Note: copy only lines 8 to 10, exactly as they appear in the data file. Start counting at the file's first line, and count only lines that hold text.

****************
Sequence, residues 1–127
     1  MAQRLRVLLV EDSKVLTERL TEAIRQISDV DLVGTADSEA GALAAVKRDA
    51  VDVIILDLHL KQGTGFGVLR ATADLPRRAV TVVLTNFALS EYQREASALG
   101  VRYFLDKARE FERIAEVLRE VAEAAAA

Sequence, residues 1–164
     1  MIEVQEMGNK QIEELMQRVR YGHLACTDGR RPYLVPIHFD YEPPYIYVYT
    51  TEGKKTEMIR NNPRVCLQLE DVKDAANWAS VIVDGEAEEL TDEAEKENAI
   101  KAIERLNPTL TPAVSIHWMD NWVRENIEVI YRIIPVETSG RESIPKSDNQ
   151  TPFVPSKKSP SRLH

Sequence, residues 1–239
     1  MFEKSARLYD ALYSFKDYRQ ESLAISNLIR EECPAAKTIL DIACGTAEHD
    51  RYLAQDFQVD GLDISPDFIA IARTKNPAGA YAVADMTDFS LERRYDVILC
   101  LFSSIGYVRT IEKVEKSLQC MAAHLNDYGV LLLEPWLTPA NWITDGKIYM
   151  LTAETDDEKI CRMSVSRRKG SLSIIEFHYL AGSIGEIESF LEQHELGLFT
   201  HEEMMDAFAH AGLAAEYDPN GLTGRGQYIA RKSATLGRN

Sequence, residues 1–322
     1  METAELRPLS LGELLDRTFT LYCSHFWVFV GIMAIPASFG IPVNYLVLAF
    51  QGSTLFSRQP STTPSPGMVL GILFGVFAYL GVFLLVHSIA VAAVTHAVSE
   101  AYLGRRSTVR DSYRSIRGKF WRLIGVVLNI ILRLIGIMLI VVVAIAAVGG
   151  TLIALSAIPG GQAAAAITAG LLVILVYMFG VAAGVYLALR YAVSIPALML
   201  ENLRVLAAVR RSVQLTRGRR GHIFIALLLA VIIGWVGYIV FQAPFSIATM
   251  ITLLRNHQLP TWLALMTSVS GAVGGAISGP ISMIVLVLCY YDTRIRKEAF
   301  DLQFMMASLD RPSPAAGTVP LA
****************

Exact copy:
   101  KAIERLNPTL TPAVSIHWMD NWVRENIEVI YRIIPVETSG RESIPKSDNQ
   151  TPFVPSKKSP SRLH

Sequence, residues 1–239